While population growth is at times a beneficial thing for a species, there are many factors that define when growth becomes detrimental. When population growth becomes "rapid" there is a great chance that the counter-productive level has been reached. The most accurate index is the balance between population and sustainability.
While population growth is at times a beneficial thing for a species, there are many factors that define when growth becomes detrimental. When population growth becomes “rapid” there is a great chance that the counter-productive level has been reached. The most accurate index is the balance between population and sustainability.
Rapid growth is a quick increase in population. The number concerned when calculating the population is the number of individuals alive. In other words, while some areas may have large numbers of births, they may not realize an increase in their population if the death rate is sufficient to offset the birthrate. These sort of factors can actually contribute to birth rates and the rate of growth. For example, in times when populations have experienced great losses, a rapid increase in population may occur. In these situations this may be termed a “correction” (this is a statistical concept). The “Baby Boom” following World War II is an instance of this sort.
There can be a variety of causes for rapid population growth. There are circumstances which can create sentiment in the population that will inspire population growth. These are usually immediate, or short lived, occurrences and can cause rapid growth. There are also other conditions which seem inversely related. In areas of poverty and lower living conditions, birth rates are sometimes higher. This can result in birth rates higher than those of industrialized nations where birth control is ubiquitous and pregnancy is put off for some time. Another cause of population growth is older populations living longer while birth rates do not decline. Many nations are experiencing rapid population growth of that sort in numbers that haven't existed in the past. Any combination or single factor can cause the population number to increase in the immediate, but some factors are more likely to cause sustained growth.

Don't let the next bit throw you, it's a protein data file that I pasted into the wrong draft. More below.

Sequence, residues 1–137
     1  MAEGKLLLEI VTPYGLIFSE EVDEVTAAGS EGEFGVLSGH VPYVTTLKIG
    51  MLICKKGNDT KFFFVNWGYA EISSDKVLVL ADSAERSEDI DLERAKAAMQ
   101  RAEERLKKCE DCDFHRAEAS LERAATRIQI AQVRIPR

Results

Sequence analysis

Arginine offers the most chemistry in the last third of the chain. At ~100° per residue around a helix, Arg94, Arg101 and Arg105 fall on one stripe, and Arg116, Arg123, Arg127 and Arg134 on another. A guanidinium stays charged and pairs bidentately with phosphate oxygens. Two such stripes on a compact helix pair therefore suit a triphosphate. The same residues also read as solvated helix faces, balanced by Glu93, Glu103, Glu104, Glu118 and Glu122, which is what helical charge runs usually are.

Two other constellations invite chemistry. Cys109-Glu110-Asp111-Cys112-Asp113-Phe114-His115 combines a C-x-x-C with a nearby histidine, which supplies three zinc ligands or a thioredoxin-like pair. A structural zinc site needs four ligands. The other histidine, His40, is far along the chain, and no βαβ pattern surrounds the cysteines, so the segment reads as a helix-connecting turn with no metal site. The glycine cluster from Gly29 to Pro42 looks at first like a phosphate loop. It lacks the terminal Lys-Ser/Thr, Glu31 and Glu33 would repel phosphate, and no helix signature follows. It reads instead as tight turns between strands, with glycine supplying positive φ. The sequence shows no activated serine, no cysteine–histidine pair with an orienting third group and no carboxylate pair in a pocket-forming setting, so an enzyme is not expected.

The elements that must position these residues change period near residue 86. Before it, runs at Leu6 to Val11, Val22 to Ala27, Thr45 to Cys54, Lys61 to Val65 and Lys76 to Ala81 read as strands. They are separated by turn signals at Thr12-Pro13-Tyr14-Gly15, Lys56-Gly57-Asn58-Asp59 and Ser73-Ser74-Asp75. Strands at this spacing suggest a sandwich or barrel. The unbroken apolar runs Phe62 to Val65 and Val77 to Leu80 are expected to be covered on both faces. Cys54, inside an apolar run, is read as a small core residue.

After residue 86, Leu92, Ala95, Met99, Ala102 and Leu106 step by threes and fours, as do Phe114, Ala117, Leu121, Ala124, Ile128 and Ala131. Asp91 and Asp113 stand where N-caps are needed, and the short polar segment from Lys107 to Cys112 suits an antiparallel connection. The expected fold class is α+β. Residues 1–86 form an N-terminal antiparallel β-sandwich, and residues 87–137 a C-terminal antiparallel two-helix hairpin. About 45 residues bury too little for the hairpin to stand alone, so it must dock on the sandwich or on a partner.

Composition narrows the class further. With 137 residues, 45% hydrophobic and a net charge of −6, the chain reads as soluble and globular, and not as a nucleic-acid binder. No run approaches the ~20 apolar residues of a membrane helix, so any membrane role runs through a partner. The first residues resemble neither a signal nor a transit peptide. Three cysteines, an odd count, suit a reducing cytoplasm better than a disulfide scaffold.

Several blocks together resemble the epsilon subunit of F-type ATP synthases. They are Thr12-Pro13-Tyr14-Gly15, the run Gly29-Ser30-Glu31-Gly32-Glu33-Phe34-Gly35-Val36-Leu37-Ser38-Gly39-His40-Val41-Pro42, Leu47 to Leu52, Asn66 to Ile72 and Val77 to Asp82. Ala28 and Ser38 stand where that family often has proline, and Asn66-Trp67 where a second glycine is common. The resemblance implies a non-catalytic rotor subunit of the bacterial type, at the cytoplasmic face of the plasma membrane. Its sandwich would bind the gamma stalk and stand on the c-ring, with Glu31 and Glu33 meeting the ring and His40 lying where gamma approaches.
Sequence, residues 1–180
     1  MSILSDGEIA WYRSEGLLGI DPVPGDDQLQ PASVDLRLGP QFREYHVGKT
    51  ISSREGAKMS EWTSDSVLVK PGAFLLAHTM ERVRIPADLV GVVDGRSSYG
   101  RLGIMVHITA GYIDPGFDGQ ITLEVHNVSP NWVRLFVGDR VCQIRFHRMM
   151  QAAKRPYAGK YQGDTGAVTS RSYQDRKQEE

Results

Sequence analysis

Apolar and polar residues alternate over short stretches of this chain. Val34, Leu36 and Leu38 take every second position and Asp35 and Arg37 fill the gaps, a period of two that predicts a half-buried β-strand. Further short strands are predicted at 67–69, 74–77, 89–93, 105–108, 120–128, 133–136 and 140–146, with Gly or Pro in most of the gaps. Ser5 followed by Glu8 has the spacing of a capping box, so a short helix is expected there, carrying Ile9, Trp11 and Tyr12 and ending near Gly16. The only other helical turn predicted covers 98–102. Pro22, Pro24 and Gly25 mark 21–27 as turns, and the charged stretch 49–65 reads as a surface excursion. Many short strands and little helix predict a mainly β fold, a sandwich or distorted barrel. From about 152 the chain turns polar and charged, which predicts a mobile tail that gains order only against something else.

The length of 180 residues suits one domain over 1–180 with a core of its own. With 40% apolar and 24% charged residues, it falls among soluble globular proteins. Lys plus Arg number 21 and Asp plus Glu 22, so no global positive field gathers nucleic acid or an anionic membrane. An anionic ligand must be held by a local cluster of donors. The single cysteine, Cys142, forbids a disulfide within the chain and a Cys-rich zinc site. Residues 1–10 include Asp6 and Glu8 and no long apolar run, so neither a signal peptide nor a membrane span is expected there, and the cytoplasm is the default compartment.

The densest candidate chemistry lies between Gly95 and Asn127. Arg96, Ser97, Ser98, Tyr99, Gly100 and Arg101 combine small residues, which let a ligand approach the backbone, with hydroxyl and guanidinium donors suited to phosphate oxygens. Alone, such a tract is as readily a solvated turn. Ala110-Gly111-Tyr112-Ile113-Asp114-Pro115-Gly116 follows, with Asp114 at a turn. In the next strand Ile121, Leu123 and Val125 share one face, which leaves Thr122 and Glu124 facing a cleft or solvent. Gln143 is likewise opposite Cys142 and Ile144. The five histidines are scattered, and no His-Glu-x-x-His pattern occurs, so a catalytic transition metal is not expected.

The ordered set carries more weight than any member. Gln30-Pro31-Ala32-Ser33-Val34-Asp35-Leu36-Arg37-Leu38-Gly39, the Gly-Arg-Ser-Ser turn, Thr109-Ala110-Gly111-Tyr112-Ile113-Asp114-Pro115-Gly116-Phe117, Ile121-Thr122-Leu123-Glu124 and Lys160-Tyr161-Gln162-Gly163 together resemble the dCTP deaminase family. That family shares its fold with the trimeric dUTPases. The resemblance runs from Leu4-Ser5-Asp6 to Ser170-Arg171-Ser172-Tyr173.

Population growth, even rapid population growth, can be a positive thing. Examples include corrections when the rapid growth may actually supply a population that wouldn't have existed to contribute otherwise. With sustained growth and rapid growth though there is a risk of overpopulation. When the level of overpopulation is reached, a number of negative effects can occur and a number of startling correlations are being discovered. Among the most definite and devastating effects of overpopulation is lack of land. The lack of land results in a number of things which result in negative impact on the population. Waste management of such populations is also difficult to handle effectively and can result in pollution and detriment to the environment. Without adequate land per individual the quality of housing decreases. Another result is insufficient land to produce crops. This results in hunger and ultimately starvation. These can be catastrophic and cause repercussions in the process. One example of these problems was London after the Industrial Revolution. Because of the population explosion in London, living space was minimal, leading to overcrowded conditions. A lack of food caused malnutrition, and poor waste management led to contaminated water supplies, which caused high levels of disease, such as typhoid and cholera.
Changes in population sentiment
A newer correlation that has only recently been adequately studied to comment on is the effects on social stability of overpopulation. While it may seem evident that starvation may cause discontent, scientific studies have recently shown correlation between overpopulation and civil unrest. In many areas of unstable populations higher numbers of civil conflict within the area exist. Correlations like these often risk being self-sustaining and can spiral.
No single action is effective against all instances of rapid population or overpopulation. Some instances of rapid population growth may be a healthy response to some new factor. Monitoring populations and helping with the individual causes of unhealthy rapid population growth may help to prevent sustained overpopulation.